The data of DVT were available from six trials (Figure 5). There is no significant differences between the aspirin and LMWH groups (RR 0.92 [95% CI 0.56–1.51], I² = 63%, P = 0.73). In the subgroup analysis, we saw that the risk of DVT in the aspirin alone group was higher than that in the low molecular heparin group (RR 1.43 [95% CI 1.14–1.80], I² = 0%, P = 0.002), but the risk of DVT was comparable between the two groups when aspirin was combined with mechanical devices (RR 0.61 [95% CI 0.27–1.39], I² = 62%, P = 0.24). The data of wound complication were available from five trials (Figure 6). There is no significant differences between the aspirin and LMWH groups (RR 1.13 [95% CI 0.72–1.76], I² = 35%, P = 0.60). There was no statistically significant difference between aspirin alone and aspirin combined with mechanical devices (RR 1.14 [95% CI 0.67–1.94], I² = 64%, P = 0.63; OR 1.09 [95% CI 0.48–2.47], I² = 0%, P = 0.84).
We used Revman to investigate the influence of a single study on the overall pooled estimate of each predefined outcome. We found that the removal of any one study would not affect the following results. The results of the risk of bias assessment with the RoB2 of randomized control trials are summarized in the Table A1.
Studies have reported that approximately 1.5 million hip and knee arthroplasty procedures are performed each year in the United States [15,16]. The incidence of surgical symptomatic VTE in patients is about 2%, posing a serious threat to postoperative recovery [11,17]. The prevention of DVT has become the focus of many scholars. LMWH has traditionally been used for anticoagulant therapy. In recent years, the use of aspirin-based thromboprophylaxis has increased [18,19]. This meta-analysis discussed the efficacy and safety of aspirin and LMWH in patients after orthopedic surgery by summarizing several RCTs. Our article had a large sample size and high quality, and the results were very reliable.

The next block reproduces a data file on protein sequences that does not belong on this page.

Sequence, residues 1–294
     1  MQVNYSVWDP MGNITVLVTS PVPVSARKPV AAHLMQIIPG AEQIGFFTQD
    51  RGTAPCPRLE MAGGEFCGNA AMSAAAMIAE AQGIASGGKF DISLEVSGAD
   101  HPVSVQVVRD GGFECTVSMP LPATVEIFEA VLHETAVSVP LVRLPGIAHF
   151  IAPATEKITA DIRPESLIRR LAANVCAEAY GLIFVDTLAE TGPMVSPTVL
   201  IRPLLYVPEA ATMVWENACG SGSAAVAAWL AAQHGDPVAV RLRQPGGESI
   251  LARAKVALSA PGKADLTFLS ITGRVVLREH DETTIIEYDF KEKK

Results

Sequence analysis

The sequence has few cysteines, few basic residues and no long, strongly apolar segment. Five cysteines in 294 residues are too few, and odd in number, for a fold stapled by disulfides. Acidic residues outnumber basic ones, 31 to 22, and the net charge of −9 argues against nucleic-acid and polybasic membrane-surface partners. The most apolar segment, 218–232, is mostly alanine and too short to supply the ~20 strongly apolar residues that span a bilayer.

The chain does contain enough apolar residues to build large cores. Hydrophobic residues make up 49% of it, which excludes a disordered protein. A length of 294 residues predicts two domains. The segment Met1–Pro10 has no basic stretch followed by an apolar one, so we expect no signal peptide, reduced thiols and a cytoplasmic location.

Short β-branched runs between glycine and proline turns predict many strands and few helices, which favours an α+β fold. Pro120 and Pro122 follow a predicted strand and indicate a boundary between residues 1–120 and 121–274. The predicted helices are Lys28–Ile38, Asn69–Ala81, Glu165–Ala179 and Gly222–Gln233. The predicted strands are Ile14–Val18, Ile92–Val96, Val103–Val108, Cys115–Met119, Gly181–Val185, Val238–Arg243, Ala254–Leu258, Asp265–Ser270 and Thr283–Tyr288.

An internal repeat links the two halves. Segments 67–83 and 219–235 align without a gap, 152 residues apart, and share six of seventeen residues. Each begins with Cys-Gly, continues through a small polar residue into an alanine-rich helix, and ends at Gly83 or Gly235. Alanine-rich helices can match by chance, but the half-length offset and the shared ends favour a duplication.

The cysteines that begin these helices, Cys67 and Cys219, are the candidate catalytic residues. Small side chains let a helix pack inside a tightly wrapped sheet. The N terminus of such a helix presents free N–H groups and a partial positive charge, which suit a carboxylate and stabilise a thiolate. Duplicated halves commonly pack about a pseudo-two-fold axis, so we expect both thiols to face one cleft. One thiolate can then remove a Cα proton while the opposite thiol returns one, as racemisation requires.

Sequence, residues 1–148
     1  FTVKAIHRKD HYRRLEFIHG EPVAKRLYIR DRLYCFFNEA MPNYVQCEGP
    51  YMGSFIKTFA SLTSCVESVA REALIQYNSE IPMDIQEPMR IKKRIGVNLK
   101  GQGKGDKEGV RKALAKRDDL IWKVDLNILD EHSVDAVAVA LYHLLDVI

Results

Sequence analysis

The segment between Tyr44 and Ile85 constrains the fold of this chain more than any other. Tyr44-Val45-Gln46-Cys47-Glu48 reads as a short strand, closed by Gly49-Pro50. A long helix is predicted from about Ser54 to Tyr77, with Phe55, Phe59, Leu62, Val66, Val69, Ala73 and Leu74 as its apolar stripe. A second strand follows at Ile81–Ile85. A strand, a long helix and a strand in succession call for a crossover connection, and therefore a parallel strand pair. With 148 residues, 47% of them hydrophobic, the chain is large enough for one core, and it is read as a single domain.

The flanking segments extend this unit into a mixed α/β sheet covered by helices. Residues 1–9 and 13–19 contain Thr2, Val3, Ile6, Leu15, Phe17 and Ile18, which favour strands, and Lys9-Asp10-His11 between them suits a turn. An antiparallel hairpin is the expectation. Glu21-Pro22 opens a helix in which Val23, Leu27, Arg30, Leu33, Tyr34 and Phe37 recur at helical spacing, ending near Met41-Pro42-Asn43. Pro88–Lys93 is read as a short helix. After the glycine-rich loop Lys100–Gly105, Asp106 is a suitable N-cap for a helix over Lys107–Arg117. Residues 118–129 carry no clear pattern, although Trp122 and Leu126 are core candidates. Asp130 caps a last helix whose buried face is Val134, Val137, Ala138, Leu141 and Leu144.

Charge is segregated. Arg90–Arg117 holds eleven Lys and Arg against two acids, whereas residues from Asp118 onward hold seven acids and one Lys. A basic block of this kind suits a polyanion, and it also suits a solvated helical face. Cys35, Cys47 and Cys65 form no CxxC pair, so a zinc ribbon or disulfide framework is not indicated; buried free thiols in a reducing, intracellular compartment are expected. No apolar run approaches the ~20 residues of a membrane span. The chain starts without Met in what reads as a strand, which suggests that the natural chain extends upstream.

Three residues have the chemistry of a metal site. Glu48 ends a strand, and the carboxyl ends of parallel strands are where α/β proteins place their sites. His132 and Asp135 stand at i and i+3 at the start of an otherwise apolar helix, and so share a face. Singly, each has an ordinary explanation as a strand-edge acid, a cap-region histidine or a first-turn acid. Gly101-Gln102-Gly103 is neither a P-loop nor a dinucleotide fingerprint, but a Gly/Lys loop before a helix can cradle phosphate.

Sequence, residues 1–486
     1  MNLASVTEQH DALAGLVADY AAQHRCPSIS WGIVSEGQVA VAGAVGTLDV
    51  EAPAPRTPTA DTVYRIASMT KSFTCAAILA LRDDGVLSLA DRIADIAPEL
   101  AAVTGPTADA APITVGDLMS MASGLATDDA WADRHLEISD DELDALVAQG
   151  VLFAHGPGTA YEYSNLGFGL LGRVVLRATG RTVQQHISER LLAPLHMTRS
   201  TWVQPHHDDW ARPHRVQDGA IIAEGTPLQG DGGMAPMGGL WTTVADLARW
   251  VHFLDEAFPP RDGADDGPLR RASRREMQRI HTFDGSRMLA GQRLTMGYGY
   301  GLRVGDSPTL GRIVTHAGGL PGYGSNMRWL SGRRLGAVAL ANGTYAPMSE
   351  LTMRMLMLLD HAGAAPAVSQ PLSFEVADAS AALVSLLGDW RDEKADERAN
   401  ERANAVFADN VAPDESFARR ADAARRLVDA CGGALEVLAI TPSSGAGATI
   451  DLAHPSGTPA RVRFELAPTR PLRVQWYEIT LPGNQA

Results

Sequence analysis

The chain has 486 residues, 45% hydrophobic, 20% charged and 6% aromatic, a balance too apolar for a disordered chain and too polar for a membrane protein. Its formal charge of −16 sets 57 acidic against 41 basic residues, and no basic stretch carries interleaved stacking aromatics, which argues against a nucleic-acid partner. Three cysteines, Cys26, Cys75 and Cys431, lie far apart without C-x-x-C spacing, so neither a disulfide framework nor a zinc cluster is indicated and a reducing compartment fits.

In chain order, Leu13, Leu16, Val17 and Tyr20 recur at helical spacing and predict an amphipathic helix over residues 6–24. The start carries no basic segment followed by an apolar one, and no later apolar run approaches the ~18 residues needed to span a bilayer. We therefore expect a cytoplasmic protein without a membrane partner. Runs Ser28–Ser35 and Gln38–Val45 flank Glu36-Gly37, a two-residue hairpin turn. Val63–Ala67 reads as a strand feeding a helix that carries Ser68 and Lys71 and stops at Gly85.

However, regarding aspirin in the prevention of DVT in patients after orthopedic surgery, the efficacy of aspirin as the only prophylactic drug is also questioned , which is consistent with the results of this study. In this meta-analysis, we could see that there was no statistical difference between the aspirin group and the LMWH group in the prevalence of PE and wound complications. In terms of the incidence of DVT, we can see that aspirin alone is worse than LMWH, and aspirin combined with mechanical device changes this outcome. This may seem different from the conclusions of individual studies, but it is probably the most realistic conclusion because our analysis included a large sample size and relied on standardized statistical analysis, after all, aspirin is more commonly used as an antiplatelet agent for the prevention of arterial embolization events. Therefore, we suggest that aspirin combined with mechanical auxiliary devices can be considered in the prevention of DVT after orthopedic surgery. On the one hand, aspirin can reduce the pain of patients, and it is easy to operate and implement. Future research can further explore the advantages and disadvantages of different mechanical devices, and provide a more simple and feasible program for patients after fracture surgery. Recent studies compared the risk of thromboembolic events under different routes of administration, which also provides some inspiration for this study . There are also studies that female patients have a low risk of gynecological surgery embolization events, and gender classification is also one of the future research directions . The metabolic pathways of embolic events have also been studied, which may also be one of the future research directions .